At 2:18 a.m., Natasha dialed emergency 911 and reported that her mother had been shot. At 2:24 a.m., Riggs telephoned the sheriff's office from his mother's house and stated that he wanted to turn himself in to law enforcement. Sergeant Clyde Money, along with three other deputies, drove to Riggs's mother's house where Riggs was taken into custody and read his Miranda5 rights. Sergeant Money asked Riggs about his gun, and Riggs described his gun and the location where he placed it. Riggs's parents gave Sergeant Money consent to search their house for the weapon and indicated that Riggs lived there in the house with them. (R. 738–39.) Based on Riggs's statement, the gun was recovered and taken into evidence. Afterwards, Riggs was taken to a sheriff's office for questioning.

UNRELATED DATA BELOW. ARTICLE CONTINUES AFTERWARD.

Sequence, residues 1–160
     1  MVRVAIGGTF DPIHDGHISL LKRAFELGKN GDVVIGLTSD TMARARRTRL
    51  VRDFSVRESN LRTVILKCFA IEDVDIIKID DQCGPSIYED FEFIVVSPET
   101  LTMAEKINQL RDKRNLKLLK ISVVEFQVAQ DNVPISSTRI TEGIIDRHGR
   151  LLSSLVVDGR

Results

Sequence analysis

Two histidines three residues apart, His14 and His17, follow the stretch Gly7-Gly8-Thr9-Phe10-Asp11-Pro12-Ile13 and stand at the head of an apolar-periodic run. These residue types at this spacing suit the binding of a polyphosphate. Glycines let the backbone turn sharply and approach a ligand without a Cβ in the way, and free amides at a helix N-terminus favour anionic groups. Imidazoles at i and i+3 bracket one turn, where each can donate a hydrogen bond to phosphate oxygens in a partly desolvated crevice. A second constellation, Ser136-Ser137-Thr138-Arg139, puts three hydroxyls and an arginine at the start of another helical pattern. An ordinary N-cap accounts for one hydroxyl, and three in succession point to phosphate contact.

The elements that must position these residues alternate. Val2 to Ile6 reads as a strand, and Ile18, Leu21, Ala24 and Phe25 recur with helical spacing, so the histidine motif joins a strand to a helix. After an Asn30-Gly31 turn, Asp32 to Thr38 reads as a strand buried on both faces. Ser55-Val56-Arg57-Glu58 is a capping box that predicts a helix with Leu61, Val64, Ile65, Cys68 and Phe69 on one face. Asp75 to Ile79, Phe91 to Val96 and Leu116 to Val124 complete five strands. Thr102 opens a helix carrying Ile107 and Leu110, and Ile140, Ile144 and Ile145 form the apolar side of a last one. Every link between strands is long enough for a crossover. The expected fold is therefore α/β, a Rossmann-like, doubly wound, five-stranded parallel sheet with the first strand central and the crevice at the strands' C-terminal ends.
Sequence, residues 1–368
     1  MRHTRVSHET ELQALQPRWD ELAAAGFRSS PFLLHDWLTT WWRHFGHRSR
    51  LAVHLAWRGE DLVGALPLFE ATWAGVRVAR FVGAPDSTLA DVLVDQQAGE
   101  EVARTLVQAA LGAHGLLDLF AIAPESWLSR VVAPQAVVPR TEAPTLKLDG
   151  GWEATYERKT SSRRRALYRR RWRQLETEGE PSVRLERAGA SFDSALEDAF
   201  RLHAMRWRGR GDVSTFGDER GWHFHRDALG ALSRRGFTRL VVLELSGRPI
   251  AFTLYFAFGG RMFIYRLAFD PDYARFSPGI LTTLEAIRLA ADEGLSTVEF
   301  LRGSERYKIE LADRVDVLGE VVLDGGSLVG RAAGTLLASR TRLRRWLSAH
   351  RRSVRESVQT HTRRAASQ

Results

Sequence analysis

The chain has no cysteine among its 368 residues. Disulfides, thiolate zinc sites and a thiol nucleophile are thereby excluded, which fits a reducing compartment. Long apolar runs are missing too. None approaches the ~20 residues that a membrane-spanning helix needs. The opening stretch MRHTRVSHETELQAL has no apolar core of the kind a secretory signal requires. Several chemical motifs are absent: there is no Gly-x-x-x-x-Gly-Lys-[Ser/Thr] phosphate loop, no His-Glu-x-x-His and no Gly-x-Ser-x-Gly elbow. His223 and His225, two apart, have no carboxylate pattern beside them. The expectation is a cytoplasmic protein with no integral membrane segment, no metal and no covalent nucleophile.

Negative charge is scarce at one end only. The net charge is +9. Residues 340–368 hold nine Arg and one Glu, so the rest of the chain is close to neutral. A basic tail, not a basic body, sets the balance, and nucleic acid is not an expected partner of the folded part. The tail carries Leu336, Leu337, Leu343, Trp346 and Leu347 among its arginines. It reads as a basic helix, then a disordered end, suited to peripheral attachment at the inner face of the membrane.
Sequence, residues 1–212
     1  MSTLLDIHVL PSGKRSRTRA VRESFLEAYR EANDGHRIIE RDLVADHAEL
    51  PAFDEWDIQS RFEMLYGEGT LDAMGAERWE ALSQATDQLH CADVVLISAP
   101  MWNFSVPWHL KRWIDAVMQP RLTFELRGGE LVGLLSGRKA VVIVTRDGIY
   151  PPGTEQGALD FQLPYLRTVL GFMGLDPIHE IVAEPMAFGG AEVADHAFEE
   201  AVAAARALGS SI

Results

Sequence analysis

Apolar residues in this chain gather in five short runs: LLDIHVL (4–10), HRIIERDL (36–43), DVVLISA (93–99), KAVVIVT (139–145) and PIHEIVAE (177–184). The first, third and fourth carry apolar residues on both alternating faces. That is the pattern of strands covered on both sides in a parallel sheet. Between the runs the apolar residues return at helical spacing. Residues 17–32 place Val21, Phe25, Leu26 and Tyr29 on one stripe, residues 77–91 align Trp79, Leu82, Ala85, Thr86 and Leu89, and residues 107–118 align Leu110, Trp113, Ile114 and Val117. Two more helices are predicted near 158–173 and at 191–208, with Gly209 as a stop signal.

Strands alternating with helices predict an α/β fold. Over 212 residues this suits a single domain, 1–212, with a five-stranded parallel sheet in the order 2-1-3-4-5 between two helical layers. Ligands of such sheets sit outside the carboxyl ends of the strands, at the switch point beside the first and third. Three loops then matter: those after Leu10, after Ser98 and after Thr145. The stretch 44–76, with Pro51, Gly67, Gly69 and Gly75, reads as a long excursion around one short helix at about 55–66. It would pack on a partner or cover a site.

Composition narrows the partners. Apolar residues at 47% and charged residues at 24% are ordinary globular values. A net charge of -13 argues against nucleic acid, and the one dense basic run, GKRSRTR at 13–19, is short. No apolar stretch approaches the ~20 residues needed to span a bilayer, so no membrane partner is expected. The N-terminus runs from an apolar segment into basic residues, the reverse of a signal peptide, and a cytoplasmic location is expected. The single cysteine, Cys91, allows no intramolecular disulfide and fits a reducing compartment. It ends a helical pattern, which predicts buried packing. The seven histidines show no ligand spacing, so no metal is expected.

At the sheriff's office, Riggs was again read his Miranda rights, and he signed a waiver-of-rights form. Riggs then gave Sergeant Mike House his oral statement which was recorded and a written statement, in which he admitted to following Payne back to the apartment, to kicking the back door open after Payne slammed it in his face, to following Payne into her bedroom, and to shooting her with his gun. (R. 857.) The physical evidence collected from Riggs and the crime scene revealed that the tread pattern of a shoe print taken from Payne's back door matched the tread print of the shoe Riggs was wearing at the time he was taken into custody. Additionally, the blood found on Riggs's clothing was tested and found to be Payne's. (R. 863.) Evidence technicians collected four spent shell casings and two live rounds in Payne's bedroom. It was also determined that Riggs's gun contained one live round.